Editorial: New Haven Register Editorial: John Rowland, Dan Malloy and Connecticut’s Freedom of Information Act

A strong Freedom of Information Act and watchdog journalism continue to be Connecticut’s best weapons against public corruption, and former Gov. John Rowland’s latest shenanigans offer a lesson on why honest politicians should be calling for the latter to be strengthened, not eroded.
After his stay in prison on felony corruption charges, Rowland is accused of shaking down two millionaire congressional candidates in a scheme to exchange his connections and influence for payments hidden from the Federal Election Commission. One candidate, Mark Greenberg, turned him down. The other, Lisa Wilson-Foley, agreed to pay him $35,000 through her husband Brian’s nursing home business. The Foleys have pleaded guilty to an alleged conspiracy with Rowland to break campaign finance laws.
So if Rowland hasn’t changed, one wonders what he was really up to while giving all of those speeches at corporate retreats and Rotary clubs about how he’d found redemption through Jesus Christ while in prison and seen the error of his ways?
We know that he used his platform as an afternoon talk show host on the WTIC Radio station to trash Wilson-Foley’s congressional opponents, without disclosing to them or WTIC’s listeners that he was taking money from her husband.
But we don’t know much about Rowland’s other post-prison job, as an economic development specialist with the Waterbury Chamber of Commerce. And this is where one can find a direct relationship between the strength and spirit of the state’s Freedom of Information Act and potential corruption.
Rowland was “in charge of economic development” in Waterbury from January 2008 to January 2012, but he wasn’t employed by city government. Instead, an arrangement was cooked up in which Rowland would work for the Waterbury Chamber, and the city government would earmark $100,000 a year in taxpayer funding to the chamber to support economic development work.
We wonder whose idea that scheme was, and how much it had to do with giving Rowland a playground shielded from the public’s right to know. Our guess: Rowland, and all of it.
After its reporting uncovered the Wilson-Foley scheme in 2012, the New Haven Register filed a Freedom of Information Act request with the city of Waterbury seeking documents relating to Rowland’s time as economic development coordinator. The newspaper received only a handful of emails between Rowland and city staff on minor topics, and clippings of a “ribbon-cutting roundup”-type column that Rowland wrote for the weekly Waterbury Observer.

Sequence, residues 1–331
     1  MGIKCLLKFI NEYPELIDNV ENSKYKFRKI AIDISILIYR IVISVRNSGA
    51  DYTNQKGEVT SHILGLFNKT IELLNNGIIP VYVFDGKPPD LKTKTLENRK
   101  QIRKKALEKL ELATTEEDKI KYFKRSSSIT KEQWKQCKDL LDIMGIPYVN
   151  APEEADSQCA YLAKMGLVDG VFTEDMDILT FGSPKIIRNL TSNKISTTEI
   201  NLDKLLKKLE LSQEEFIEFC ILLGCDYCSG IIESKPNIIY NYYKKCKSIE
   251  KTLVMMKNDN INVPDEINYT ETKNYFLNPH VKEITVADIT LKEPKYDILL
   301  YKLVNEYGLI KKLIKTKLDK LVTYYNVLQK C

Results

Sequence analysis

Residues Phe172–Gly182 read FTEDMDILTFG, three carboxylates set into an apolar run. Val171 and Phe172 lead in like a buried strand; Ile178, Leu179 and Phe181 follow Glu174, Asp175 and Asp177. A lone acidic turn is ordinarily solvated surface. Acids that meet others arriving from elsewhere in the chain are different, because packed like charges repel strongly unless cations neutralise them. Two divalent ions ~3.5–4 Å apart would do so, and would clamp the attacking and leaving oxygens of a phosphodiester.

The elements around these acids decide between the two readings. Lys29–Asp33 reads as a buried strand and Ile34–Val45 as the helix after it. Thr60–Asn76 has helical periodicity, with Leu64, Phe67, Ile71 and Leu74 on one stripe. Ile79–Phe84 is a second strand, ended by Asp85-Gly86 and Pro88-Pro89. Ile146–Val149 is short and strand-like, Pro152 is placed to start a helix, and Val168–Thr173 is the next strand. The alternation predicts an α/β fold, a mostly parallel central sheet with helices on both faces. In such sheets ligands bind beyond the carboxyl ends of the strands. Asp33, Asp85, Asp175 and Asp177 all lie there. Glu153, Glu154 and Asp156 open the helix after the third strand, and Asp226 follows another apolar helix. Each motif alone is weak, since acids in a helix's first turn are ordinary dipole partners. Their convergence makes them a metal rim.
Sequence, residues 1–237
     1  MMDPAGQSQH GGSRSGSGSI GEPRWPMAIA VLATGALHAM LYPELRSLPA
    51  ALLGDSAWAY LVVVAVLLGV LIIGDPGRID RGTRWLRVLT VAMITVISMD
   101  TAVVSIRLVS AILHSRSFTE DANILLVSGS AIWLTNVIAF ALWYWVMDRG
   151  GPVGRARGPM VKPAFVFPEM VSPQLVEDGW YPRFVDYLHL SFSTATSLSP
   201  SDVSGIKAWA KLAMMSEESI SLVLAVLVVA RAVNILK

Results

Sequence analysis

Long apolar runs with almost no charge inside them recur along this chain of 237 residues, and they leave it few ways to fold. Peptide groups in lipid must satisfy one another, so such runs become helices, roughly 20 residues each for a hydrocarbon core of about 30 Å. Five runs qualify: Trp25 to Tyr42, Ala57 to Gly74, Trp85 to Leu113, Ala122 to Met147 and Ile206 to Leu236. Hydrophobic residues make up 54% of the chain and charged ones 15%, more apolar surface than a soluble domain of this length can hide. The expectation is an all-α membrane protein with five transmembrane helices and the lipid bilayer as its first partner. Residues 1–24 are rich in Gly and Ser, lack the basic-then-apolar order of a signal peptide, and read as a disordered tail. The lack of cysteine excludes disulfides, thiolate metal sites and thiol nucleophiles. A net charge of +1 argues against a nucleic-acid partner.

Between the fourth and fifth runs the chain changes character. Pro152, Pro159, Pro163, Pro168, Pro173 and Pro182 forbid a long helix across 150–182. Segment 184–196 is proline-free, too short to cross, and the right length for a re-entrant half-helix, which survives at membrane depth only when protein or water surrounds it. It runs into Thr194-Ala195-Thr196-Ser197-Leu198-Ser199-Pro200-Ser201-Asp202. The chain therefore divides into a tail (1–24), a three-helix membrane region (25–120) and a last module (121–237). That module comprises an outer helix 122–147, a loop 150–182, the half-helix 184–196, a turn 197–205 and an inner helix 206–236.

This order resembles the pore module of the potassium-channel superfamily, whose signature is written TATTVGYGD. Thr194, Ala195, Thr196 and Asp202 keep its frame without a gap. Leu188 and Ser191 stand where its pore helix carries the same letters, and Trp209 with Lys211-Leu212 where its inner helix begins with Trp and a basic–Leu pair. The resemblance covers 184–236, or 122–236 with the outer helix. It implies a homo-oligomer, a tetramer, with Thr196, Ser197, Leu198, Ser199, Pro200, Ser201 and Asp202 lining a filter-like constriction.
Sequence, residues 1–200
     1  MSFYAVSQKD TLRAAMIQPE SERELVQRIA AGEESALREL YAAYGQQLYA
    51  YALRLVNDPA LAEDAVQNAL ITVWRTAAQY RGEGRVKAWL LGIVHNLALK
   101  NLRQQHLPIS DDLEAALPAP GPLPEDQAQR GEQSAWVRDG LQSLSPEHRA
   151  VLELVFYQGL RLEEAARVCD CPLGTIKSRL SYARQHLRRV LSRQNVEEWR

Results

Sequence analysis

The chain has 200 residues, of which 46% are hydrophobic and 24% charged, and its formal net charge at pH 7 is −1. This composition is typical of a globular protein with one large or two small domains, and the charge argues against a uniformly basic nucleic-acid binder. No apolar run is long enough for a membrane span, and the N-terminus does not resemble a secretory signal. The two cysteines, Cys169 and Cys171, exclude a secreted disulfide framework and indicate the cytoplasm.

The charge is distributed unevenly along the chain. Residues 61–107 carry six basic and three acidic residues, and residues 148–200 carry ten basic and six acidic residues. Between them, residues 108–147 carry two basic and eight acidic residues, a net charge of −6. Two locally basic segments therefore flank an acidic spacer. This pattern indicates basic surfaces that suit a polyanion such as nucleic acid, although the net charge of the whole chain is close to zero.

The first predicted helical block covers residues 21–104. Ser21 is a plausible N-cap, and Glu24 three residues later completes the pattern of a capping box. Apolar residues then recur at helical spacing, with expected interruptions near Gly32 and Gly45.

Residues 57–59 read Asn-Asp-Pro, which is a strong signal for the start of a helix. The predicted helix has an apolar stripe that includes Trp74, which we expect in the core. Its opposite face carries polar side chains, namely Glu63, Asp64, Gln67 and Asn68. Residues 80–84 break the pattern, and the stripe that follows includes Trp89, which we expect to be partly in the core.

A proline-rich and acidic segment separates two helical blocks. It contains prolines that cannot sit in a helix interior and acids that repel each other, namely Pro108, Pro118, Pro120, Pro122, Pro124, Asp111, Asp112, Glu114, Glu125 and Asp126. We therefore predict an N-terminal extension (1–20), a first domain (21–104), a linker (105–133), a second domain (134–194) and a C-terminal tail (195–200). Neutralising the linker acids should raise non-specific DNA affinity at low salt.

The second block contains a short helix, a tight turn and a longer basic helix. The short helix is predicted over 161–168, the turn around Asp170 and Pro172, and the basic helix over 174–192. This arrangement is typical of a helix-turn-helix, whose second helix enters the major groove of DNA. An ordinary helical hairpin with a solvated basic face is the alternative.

Either Rowland had a practically “no show” job as Waterbury’s lead economic development official, and one has to wonder why, or 90 percent of the communications around his work were kept secret under the shroud of the Waterbury Chamber or off-city email communications. The newspaper filed an appeal with the Connecticut Freedom of Information Commission, arguing that Chamber documents should be released because the Rowland arrangement was clearly a taxpayer-funded endeavor and the Chamber was being used to skirt the law. But the commission ruled that the law does not apply to private organizations.
What does this have to do with politicians other than John Rowland? Well, consider Gov. Dan Malloy’s administration’s use of “private” organizations such as the University of Connecticut Foundation, and its insistence that many aspects of the “First Five” economic development program must be kept secret to protect the business plans of private companies receiving hundreds of millions of dollars of taxpayer assistance.
And in its quest for information about Rowland in Waterbury, the New Haven Register was told that there was no communication between Rowland and former Mayor Michael Jarjura because Jarjura never used a city email account.
If that sounds familiar, read up on the Hartford Courant’s reporting about the Malloy administration’s use of private email accounts to conduct public business.
Because Rowland is so bad at not getting caught, Connecticut taxpayers might get a look after all at those secret Waterbury Chamber documents. Federal investigators raided the Chamber’s office as part of its investigation into Rowland and seized a bunch of records.
To have faith in the rest of the people in charge of our local and state governments, we need a strong Freedom of Information Act that is enforced both in letter and spirit.

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